Chief Replicator

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New Orleans, LA 56 posts

Featured in The New Orleans Advocate: "Tee-totalin' town: Drink up the irony at exhibit on Prohibition in New Orleans"

By Missy Wilkinson
Speacial to The Advocate

Most people know the first cocktail was created in New Orleans, where 24/7 bars and drive-thru daiquiri shops rule. Fewer know this booze mecca was a linchpin of Prohibition from 1920 to 1933. Then, lurid tales of smugglers, rum raids and “wet” degenerates ruled the newspapers — which had a definite anti-liquor slant.

“Many good results follow Prohibition,” proclaimed a local headline on Jan. 21, 1921. “Employes more efficient and dependable. … More men attending church. … Tourist business hurt.”

During Prohibition, especially from 1925 on, the illegal booze trade dominated local headlines.

“It almost seems like they wanted nonstop coverage,” said Joseph Makkos, founder and chief curator for Nola DNA, a digital newspaper archive.

“But even though it was published in the paper that was the record of its day, the role New Orleans played as this center of Prohibition is not something people talk, write or even know that much about.”

Makkos hopes to change that with his exhibit, “Times of the Cocktail – Stories of Smugglers, Bootleggers and Rum Runners.” Created in conjunction with Tales of the Cocktail and sponsored by Old New Orleans Rum, it features 12 antique copies of The Times-Picayune.

They’re on display through Aug. 31 in Picayune Social House, 326 Camp St., a restaurant and bar occupying the former site of the newspaper.

Together, these papers paint a picture of Prohibition-era New Orleans. One includes the first printing of a William Faulker short story: “Yo Ho and Two Bottles of Rum.”

New Orleans’ proximity to rum-producing Caribbean islands, train lines and the Mississippi River made it a waypoint in the illegal alcohol trade, as did its easy port access.

“New Orleans was basically open range for smugglers — the ports just weren’t secure,” Makkos said. “No police force is going to inspect every ballast, every false bottom.”

Publication dates for papers in the exhibit range from Jan. 1, 1914, when the idea of Prohibition was introduced to readers via a political illustration, to Nov. 20, 1929, when stories hint at a looming financial crisis. That era also marks the end of Makkos’ collection of original newspapers, which spans 1885 to 1930.

Though these records exist on microfilm, Makkos’ massive collection of antique newspapers in pristine condition is unique. He scored the papers, each housed in its own red-capped tube, for free from a Craigslist ad.

“It took six trips in a 17-foot U-Haul (to move them all),” Makkos said. “I have a feeling those papers would have gone to the trash. In my mind, it clicked: ‘This is important, I need to save this.’ … These are stories that don’t conveniently fit into the glass thimble version of New Orleans’ history.”

More than 300 people attended the opening reception on Tuesday, which featured a photo booth, rum samplings and coaster letterpress printing.

“I love having access to old newspapers from this point in history,” said artist Kendra Thompson. “The news seems so tabloid-y and sensational. You know people were definitely living that life in New Orleans.”

Like the stars depicted in gossip magazines, New Orleanians living 100 years ago were “just like us” in many ways.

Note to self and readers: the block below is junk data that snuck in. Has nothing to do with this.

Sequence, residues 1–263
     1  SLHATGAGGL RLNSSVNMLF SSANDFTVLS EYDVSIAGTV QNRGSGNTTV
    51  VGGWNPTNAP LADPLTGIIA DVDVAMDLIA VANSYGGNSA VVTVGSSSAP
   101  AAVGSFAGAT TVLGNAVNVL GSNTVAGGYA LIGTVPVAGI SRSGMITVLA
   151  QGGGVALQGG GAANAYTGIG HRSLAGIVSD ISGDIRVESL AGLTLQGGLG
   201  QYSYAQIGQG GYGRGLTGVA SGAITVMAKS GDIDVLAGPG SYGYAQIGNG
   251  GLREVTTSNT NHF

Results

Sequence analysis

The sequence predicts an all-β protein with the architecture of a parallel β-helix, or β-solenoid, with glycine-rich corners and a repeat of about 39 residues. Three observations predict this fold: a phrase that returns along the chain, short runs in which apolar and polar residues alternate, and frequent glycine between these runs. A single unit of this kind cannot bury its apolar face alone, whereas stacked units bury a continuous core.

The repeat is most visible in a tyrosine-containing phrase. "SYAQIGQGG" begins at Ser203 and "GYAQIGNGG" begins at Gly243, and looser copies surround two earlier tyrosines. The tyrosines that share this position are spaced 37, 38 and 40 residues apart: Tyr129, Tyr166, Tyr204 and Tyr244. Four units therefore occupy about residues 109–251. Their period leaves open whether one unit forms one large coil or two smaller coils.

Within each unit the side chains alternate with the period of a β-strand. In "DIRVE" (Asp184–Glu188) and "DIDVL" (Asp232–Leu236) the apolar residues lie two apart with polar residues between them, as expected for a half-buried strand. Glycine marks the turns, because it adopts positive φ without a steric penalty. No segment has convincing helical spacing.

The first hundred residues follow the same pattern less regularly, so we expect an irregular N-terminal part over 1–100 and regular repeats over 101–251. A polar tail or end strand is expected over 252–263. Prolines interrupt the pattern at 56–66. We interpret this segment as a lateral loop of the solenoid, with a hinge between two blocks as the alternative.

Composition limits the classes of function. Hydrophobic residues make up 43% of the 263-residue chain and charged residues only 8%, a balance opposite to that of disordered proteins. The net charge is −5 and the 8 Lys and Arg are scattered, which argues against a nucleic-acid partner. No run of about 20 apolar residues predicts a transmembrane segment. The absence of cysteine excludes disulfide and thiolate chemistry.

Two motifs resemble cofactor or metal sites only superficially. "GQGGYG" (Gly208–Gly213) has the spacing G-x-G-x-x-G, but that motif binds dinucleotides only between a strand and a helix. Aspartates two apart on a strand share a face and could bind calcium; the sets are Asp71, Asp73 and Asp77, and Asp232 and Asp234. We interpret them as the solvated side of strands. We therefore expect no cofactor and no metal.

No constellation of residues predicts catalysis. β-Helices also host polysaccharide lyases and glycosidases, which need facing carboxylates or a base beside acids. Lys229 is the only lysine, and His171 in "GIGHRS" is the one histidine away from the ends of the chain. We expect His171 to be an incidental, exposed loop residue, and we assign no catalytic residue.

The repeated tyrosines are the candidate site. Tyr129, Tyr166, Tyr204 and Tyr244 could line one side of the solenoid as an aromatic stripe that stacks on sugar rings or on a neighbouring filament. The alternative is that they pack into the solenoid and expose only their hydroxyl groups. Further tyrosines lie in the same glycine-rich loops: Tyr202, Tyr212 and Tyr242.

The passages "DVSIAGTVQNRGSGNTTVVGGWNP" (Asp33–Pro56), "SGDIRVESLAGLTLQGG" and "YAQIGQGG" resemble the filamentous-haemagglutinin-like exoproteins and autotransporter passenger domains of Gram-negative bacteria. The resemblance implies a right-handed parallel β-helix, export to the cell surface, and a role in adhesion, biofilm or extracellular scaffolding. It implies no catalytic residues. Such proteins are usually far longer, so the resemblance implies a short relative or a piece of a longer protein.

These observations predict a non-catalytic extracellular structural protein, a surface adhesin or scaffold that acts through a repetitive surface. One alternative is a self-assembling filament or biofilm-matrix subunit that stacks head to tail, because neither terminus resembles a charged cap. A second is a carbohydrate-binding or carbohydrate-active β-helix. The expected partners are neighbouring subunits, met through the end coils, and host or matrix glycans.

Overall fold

“There’s a certain charm about it. As much as it was a criminalized environment, it speaks to the New Orleans we know today, the laissez le bon temps rouler attitude,” said Jeremy Thompson, director of sales and marketing at Old New Orleans Rum. “People made things work and created their own systems — and they were meeting demand, frankly.”

“Time of the Cocktail” runs through Aug. 31.

Complete story can be found online at The New Orleans Advocate

Been SO busy,... so many updates to give!

Let's see if I can give you simulatenous updates about the LAST 8 months as well as the NEXT 8 months at the same time!

OK, here I GO....

Upcoming presentations at the New Orleans Public Library:

Nix Branch - June 8th 5:30-7PM
Hubbell Branch - June 26th 6:30PM
Main Branch - TBA


Alvar Branch - Newspaper Archives & Preservation
Mid-City Branch - Coffee and Kitchen Lore of the Tropics

When Motorists Needed Canoes

Image courtesy of Nola DNA.

"When Motorists Needed Canoes" from March 21st, 1926.

An exerpt:

"Plans of property owners for organizations to protest to the sewerage and water board to obtain relief and protection due to heavy rains were in process of formation last night.... a mass meeting will be called to demand an investigation of the sewerage and water board in connection with alleged neglect of the city's needs."

Postcards from the Past : Lost Correspondence (1904-1946)

"NOLA DNA Presents "Evening Edition" : A Picayune Social House reception celebrating Lost Correspondence, Forgotten Scandals, and Fake News.

Join us at the brand new Picayune Social House, the former offices of the Picayune newspaper from 1850 to 1919, in this party hosted by NOLA DNA – curators of the historic newspaper images that define the Picayune Social House’s aesthetic.

• Anti-Lecture by Joseph Makkos of NOLA DNA: a slideshow of select historic newspaper images, randomized to spark extemporaneous audience discussions.

• Postcards from the Past exhibit: specimens from the collection of Reno Daret III.

Enjoy light hors d’oeuvres and libations. The Picayune Social House restaurant will be open with food and drink specials.

Pin-Up Ink Blotters : HEREFORD TOOL CORP & [blanks]

Here're some cir 1950s pin-up ink blotters I scanned from a collection I found in a basement print shop in Cleveland. One is with the business name "HEREFORD TOOL CORP." and the rest are blank.

There will be more open-access content in this series (coming soon).

For now, enjoy: